The Shenandoah Valley Biotechnology Symposium went back to its roots on Friday. For its 25th year, the annual conference for area high school students returned to Eastern Mennonite University, which hosted the first one.
More than 400 students attended the event featuring several speakers and hands-on lab work. Myron Blosser, a biology teacher at Harrisonburg High School, started the event in 1994 because he needed help with some equipment.
Editor’s note: Symposium founder Myron Blosser earned two degrees at EMU: a BS degree in biology with secondary education endorsement in 1983 and an MA in education with a concentration in curriculum development in 1998. He was named the top biology teacher in Virginia in 2013 while teaching at Eastern Mennonite High School. He was EMU’s Alumnus of the Year in 2005.
The year before, Blosser had ordered biotechnology supplies hoping to jump into the relatively new field, but he didn’t know how to use them.
“I felt like a dog who had been chasing cars and caught one,” he said. “I had no idea what to do with it.”
So he mimicked Jim Watson, one of the discoverers of DNA structure.
“If he wanted to learn something, he would hold a symposium about it and invite the brightest minds, and then they would talk about it and he would learn,” Blosser said.
About 50 teachers and students came to the first event, Blosser said. Attendees begged for it the next year, and it has been held ever since.
It’s grown to more than 430 students this year and focuses on getting them excited about the field.
“A part of what I think we need to do with today’s youth is to not only talk about the exciting possibilities of application, but also to let them know this could be a viable income,” he said. “To be honest, something can be very exciting, but if you can’t pay your bills, you probably won’t go that direction.”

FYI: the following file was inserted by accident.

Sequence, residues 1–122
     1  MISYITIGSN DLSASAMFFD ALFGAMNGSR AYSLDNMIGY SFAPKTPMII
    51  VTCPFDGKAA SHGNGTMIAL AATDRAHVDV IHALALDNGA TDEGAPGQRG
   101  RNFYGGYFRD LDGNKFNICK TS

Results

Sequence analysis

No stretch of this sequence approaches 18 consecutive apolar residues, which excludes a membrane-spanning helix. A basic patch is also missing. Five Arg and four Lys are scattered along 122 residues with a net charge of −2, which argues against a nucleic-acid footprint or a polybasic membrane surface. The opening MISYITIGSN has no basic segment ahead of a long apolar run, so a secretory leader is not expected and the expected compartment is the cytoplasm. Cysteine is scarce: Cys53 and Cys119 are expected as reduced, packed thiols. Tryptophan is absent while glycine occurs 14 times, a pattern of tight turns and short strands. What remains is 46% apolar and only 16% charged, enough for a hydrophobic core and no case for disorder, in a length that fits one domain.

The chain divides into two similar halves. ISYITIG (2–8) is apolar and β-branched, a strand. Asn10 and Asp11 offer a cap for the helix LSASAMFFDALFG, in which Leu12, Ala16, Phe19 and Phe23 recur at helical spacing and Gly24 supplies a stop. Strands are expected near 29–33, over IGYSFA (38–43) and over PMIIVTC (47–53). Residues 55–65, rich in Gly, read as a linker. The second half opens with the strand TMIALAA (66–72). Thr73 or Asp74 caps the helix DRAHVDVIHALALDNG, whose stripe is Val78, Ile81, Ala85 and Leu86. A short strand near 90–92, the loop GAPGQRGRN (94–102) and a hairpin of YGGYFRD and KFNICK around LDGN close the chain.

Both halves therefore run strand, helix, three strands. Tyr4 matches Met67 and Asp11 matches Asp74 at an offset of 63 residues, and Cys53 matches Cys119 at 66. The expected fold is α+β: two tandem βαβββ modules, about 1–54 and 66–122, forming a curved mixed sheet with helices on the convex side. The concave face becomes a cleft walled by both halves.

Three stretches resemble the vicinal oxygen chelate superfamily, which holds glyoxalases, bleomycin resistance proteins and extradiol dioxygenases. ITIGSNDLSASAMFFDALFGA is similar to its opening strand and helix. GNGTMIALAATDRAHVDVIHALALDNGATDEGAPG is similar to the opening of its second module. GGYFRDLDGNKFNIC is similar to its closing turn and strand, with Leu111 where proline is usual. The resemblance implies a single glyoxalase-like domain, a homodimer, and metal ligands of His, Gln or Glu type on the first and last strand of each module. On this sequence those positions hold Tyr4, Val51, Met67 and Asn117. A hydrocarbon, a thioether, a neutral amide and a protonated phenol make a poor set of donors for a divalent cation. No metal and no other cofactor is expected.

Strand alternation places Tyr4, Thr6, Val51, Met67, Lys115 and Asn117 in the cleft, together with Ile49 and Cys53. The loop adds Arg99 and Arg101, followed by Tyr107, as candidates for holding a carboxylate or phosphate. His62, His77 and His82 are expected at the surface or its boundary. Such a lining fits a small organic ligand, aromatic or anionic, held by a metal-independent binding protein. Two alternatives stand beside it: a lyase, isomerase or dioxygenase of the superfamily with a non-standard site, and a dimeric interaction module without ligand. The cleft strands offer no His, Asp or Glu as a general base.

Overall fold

Ron Raab, a James Madison University biology professor, discussed job opportunities in criminal investigations and medical research. “There are a heck of a lot of jobs in biotechnology outside of being a lab rat,” he said.
After hearing from Dr. Francis Collins, director of the National Institutes of Health, the students broke into groups to study DNA sequences. Many worked with prepared samples, but an advanced class of about 100 students used their own DNA. They heated cheek swabs to isolate their DNA. The samples were added to a solution, inserted into a gel, and an electric current created a readable sequence.
“This is how molecular forensics work for criminal investigations,” Raab said. “They can take that speck of blood, that one hair follicle, that piece of skin cell and amplify enough DNA to run and get an analysis.”
Christiana Cole, a junior at Harrisonburg High, was at the symposium for the second straight year. She’s worked with DNA in class investigating mock crime scenes and paternity tests. Cole, who plans to study biology in college, said the symposium offered more opportunities to become familiar with the field.
“These techniques are used in class a lot of the time,” she said. “This is what you learn. These are the types of labs you do in college.”
Collins encouraged the students to pursue a biotechnology career.
“It’s both great science; it’s a detective story; it’s intellectually satisfying; but it’s also about people,” he said. “And it’s also about offering hope to those billions of people who have illnesses that are still waiting for answers.”
This article was published in the March 9, 2018, Daily News-Record.